4. Equipment and training aids

You need to have access to materials and equipment that can be transported easily or can be relied upon to be available at the training site. Essential items of equipment include flipcharts, easels, numerous pads and markers, and an overhead projector or other audio-visual equipment as presentation aides. Be sure that equipment is in good working order and that spare parts are on hand in the event of a breakdown. Participant handout materials including instruments, questionnaires, checklists and worksheets, particularly those that require extensive assembly, should be prepared in advance. Of course, it is useful to have access to duplicating equipment at the training site. Many trainers who want to compile data on site are taking advantage of the convenience and portability of computers, sometimes equipped with communication devices (modems) and supported by fast printers.

5. Participant experience

The use of warm-up exercises, sometimes called "ice-breakers," will vary depending on the familiarity of councillors with one another and their experience as participants in interactive training programmes such as this one. These activities are intended to speed up the process of getting acquainted while exposing participants to the training methods being used. If may be possible for you to exclude warm-up exercises when participants have served together on the same council or have participated with one another in other workshops of this kind. On the other hand, sometimes participants know one another but there is an unequal acquaintance ship within the group (e.g., councillors from rural areas mixed with councillors from large cities). In preparing for a workshop, you will want to take into account any natural groupings of participants based on social acquaintance outside the training. This information can be useful to you in assigning participants to small groups and in selecting activities for beginning and closing the workshop.

Whether or not participants are experienced with interactive types of training and have taken part in such training before is important. Some participants may have taken part in other workshops in this series or other training events similar to the one being planned. Knowing the training background of participants ahead of time can have a bearing during workshop design on pacing the programme. It can be of help to you during the workshop in selecting small group leaders and asking participants to volunteer for a presentation of their reactions to a new concept or observations about the value of a particular learning experience.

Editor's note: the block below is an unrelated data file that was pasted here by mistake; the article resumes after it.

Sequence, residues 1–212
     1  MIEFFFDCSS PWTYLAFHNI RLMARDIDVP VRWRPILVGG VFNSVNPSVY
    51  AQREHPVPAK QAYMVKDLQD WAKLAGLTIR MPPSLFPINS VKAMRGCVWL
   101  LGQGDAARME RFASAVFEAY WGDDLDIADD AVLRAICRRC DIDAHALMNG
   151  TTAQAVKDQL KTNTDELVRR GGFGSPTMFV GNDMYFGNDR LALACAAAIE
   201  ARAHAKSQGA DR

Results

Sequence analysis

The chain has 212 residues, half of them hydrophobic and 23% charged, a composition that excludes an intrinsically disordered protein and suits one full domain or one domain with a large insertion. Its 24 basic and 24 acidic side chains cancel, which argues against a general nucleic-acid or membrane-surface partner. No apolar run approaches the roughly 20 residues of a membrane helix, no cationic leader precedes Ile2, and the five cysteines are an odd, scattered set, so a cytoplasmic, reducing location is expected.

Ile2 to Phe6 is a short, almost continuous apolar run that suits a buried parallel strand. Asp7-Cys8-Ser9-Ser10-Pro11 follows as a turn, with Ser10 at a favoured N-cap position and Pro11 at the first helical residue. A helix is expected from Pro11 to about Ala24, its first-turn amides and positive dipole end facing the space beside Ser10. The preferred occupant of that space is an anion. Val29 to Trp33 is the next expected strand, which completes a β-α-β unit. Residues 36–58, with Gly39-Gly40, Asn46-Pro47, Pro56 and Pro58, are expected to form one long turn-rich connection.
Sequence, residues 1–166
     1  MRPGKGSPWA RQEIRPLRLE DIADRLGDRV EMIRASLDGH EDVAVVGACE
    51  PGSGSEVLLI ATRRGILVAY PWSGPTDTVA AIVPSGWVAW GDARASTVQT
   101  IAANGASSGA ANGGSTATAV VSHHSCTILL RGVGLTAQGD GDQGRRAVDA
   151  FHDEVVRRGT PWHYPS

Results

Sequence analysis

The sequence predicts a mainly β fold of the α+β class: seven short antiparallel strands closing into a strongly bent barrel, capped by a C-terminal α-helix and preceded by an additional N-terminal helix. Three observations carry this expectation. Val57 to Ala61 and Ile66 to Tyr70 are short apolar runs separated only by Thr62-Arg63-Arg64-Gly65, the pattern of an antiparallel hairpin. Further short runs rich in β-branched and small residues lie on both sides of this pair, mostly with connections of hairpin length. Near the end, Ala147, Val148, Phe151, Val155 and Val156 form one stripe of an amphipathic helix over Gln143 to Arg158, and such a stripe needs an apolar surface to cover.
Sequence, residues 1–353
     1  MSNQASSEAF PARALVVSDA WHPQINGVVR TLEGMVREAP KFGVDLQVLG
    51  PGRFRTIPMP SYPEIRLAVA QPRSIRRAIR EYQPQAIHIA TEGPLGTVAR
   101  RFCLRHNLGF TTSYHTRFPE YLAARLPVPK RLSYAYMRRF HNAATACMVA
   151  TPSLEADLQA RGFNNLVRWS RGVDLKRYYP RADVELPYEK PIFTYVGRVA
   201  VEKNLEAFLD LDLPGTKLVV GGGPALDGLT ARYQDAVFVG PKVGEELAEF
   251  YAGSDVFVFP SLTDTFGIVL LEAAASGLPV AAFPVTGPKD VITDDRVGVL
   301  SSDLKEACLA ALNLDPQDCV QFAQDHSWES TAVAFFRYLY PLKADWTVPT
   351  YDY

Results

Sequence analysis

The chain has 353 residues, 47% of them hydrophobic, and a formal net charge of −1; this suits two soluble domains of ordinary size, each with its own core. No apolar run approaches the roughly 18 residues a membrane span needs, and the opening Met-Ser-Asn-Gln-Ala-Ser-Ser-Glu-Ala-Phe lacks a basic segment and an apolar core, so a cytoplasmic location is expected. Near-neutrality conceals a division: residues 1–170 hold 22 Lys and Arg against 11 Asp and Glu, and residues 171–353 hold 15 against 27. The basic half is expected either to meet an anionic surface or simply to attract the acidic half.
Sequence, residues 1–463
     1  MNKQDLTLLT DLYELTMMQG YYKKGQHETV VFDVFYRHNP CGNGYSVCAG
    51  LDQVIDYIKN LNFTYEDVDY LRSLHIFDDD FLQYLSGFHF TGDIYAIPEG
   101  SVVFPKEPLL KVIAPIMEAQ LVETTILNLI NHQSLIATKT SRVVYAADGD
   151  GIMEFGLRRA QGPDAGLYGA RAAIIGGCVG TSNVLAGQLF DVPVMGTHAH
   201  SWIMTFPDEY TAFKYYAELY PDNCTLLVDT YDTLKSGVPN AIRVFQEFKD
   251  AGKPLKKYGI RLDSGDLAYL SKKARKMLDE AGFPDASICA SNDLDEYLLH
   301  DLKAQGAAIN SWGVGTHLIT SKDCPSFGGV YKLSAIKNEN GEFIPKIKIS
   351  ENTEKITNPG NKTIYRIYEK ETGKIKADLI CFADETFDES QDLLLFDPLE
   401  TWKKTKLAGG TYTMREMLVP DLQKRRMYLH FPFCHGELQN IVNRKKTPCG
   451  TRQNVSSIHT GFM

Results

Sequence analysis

6. Numbers of participants

A reasonable question for you to be asking at this point: What is the limit on how many participants can take part in a workshop on elected leadership? This question is important for a couple of reasons. First, there may be an implied maximum participant number beyond which the workshop is not feasible. Not so. Any number of participants can take part. The issue is to be able to anticipate how many there will be far enough in advance to prepare adequately. For example, a single trainer might be able to work effectively with a group of up to 30 in size (although we recommend co-trainers, even for groups of less than 30, particularly if several half-day or day-long workshops are to be conducted in sequence). As a general rule, should the participant group exceed 30, additional trainers will be needed. As you can see, the number of participants who can be handled is limited only by space and the number of trained trainers available.

The participant count is important for another reason. In preparing for a workshop, the number of people to anticipate will affect the amount of space needed and the number of small group meeting rooms that must be available. Numbers will determine the number and copies of handout materials that must be prepared and equipment that must be available in each meeting room for processing of data. Finally, numbers will have an influence on the number of training institution staff who will be needed to handle registration and other administrative or logistical matters before, during, and at the close of a workshop. The size of the task will depend, of course, on the extent that the training unit is involved with the housing and transportation of participants.

7. Follow through

When developing a plan for a workshop or workshop series, it is important to know beforehand what is going to happen when the programme is over, that is, how much and what kind of follow-through will you be doing with the workshop participants. As you know, each workshop concludes with an exercise designed to encourage participants to apply what they have learned to their present challenges as elected leaders. When the programme is attended by a large number of councillors from many local authorities, completion of this exercise may be the only practical way to encourage learning transfer.

With smaller groups of councillors who work together or who serve in neighbouring communities, it may be possible to do more. For example, you may be able to offer trainer-facilitated follow-up meetings within a few weeks or months to discuss participant experiences in using workshop [earnings and how to overcome transfer obstacles confronting them. Or councillors with past successes in using workshop materials might be asked to volunteer to serve as guides and mentors to less experienced councillors who are ready and willing to accept their help.